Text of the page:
Learning Disabilities: How to Identify Children with a Learning Disability

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  • 0:07 Identifying Disabilities
  • 1:29 Behaviors
  • 2:25 Learning Disabilities
  • 2:59 Common Disabilities
  • 4:49 Lesson Summary
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Lesson Transcript
Instructor: Valerie Houghton, Ph.D.

Valerie holds a Ph.D. in Health Psychology.

Identifying children with a learning disability can be tricky because it can be confused with a lack of interest in a school subject. In this lesson, we will look at how learning disabilities can be identified and the three most common learning disabilities: dyscalculia, dysgraphia and dyslexia.

Identifying Children with Learning Disabilities

Did you have a favorite subject in school? Did you look forward to going to school, or did you dread going? Some children absolutely love school, and some children just don't enjoy it. How can a parent or a teacher tell the difference between a child who just doesn't like school or a particular subject and a child who has a learning disability?

A teacher and a parent can look at the grades of a child, and if they are failing in an area, that could be an indication that they may have a learning disability in that subject.

Bad grades might be a sign of a learning disability.
Report Card Illustration

However, their failing grade could simply be from a lack of interest in the subject, or they could be developmentally delayed in their learning ability. If they are developmentally delayed, they typically are able to catch up with their peers once they are given additional tutoring in the subject. However, if tutoring doesn't help the child, and the student is consistently struggling in one or more subject areas, the parent or the teacher may request that the child be given a diagnostic achievement test. This test is used to determine a student's strengths and weaknesses. However, the assumption that an achievement test makes is that the student is willing to do their very best on the test. Unfortunately, often, if a student doesn't enjoy school, they will be less than enthusiastic to perform well on an achievement test. If this is the case, it becomes important to look at the behavior of the student.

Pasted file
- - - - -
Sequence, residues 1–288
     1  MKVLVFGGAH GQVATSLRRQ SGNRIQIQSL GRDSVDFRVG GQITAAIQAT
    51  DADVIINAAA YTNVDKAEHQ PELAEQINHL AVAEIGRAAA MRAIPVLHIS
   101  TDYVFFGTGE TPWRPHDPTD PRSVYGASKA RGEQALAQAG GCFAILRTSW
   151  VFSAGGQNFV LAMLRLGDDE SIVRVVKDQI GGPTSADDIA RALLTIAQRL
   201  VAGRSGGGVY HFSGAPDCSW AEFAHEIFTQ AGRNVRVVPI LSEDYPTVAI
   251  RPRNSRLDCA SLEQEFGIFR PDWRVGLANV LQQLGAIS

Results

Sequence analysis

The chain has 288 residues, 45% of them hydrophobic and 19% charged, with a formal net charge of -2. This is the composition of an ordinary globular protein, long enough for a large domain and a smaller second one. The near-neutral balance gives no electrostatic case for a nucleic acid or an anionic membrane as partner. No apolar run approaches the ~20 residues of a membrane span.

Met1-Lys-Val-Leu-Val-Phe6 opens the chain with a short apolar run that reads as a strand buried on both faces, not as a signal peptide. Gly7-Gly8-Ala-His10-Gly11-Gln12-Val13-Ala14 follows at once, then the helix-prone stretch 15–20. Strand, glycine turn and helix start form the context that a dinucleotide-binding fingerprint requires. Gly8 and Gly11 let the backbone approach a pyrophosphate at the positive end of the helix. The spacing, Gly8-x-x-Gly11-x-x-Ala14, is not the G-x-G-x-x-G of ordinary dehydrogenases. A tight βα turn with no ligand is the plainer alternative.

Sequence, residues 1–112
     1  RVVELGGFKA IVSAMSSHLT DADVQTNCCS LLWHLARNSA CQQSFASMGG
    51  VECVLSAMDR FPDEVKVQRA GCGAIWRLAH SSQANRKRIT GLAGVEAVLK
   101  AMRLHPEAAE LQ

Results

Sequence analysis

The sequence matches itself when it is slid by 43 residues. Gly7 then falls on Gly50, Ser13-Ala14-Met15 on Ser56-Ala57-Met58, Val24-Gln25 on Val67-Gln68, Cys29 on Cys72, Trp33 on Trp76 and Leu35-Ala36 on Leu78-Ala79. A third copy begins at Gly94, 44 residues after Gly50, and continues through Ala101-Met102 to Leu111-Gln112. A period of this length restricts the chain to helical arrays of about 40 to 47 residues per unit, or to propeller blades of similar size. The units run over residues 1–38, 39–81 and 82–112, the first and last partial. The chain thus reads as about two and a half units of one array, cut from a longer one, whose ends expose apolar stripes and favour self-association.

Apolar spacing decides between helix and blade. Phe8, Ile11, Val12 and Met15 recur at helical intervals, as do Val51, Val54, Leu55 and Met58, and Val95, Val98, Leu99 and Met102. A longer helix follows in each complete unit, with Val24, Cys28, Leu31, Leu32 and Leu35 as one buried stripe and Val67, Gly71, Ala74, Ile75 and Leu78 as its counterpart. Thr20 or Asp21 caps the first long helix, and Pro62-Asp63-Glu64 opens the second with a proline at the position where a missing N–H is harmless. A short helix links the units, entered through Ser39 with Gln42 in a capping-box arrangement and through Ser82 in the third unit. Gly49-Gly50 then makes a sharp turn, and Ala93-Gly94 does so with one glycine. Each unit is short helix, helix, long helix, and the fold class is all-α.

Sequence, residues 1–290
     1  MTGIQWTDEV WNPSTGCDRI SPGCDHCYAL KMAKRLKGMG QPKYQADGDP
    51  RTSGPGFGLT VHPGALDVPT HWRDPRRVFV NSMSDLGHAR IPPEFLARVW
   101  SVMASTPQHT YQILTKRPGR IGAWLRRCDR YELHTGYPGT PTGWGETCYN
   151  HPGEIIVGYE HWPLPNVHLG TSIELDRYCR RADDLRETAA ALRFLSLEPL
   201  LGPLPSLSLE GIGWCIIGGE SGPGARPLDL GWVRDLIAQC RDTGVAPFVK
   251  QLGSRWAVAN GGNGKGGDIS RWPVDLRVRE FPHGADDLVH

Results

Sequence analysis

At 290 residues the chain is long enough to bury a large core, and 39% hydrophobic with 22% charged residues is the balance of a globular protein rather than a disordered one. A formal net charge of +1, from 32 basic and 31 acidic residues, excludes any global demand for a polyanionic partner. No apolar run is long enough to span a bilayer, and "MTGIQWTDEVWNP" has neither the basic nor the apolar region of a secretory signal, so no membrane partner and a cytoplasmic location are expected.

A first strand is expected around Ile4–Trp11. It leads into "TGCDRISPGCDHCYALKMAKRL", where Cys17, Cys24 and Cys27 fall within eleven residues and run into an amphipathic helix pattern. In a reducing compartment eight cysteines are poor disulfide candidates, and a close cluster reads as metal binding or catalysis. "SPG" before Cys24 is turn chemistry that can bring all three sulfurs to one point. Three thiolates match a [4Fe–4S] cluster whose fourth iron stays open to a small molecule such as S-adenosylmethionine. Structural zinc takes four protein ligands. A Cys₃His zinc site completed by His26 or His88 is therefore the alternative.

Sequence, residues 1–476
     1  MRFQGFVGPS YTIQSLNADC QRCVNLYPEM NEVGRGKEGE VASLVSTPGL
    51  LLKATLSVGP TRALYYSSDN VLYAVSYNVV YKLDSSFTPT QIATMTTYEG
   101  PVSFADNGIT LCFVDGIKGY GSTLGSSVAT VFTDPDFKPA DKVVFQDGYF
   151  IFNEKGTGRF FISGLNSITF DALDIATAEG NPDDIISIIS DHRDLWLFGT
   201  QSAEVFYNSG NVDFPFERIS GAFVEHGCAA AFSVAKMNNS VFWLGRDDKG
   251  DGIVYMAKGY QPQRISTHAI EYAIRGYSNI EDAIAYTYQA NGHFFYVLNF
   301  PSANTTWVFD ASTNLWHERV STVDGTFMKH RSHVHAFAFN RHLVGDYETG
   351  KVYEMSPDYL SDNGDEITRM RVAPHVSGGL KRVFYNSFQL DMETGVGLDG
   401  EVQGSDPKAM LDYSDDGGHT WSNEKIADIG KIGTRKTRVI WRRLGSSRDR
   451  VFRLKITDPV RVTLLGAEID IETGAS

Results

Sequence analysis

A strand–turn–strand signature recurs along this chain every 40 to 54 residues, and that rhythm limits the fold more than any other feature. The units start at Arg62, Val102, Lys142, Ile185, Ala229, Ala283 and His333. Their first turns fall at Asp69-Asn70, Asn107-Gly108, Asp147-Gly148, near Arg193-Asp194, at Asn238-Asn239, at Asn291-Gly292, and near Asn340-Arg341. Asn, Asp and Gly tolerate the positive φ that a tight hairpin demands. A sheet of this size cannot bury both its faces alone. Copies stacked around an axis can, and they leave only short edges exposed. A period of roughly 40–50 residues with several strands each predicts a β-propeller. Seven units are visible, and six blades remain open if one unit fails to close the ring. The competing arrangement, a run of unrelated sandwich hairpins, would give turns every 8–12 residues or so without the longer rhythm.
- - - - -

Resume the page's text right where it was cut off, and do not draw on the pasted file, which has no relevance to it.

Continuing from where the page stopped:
Internalizing and Externalizing Behaviors

An important first step in identifying children with learning disabilities is to recognize the behaviors that they typically display. There are many different behaviors that a child with a learning disability can display. However, common behaviors that most children with learning disabilities demonstrate fall into two categories: internalizing and externalizing behaviors.

A child who demonstrates internalizing behaviors is not necessarily an introvert. Instead, they become quiet and withdrawn when faced with a learning situation that they are not confident in. Other internalizing behaviors include boredom, disorganization and inattention.

Likewise, a child who demonstrates externalizing behaviors is not necessarily an extrovert. Instead, they become loud and disruptive when they are faced with learning situations that they are not confident in. Other externalizing behaviors include delinquent behaviors, aggressive behaviors and clowning around.

Learning Disabilities

Learning disability is an umbrella term used to describe many different neurological disorders.

Children with learning disabilities have a glitch in how their brains are wired so that they might have difficulty with reasoning, spelling, writing and reading.

The many types of learning disabilities
Types of Learning Disabilities Umbrella

The disorders are often described as disabilities because they may interfere with the student's ability to learn. Many students with a learning disability have average or above-average intelligence. However, many students with a learning disability also struggle with other disorders, such as Autism and ADHD.

Common Types of Learning Disabilities

The three most common learning disabilities are dyscalculia, dysgraphia, and dyslexia. The prefix 'dys-' is Greek meaning 'an impairment of,' so the three most common disabilities are an impairment of doing math, writing or reading.

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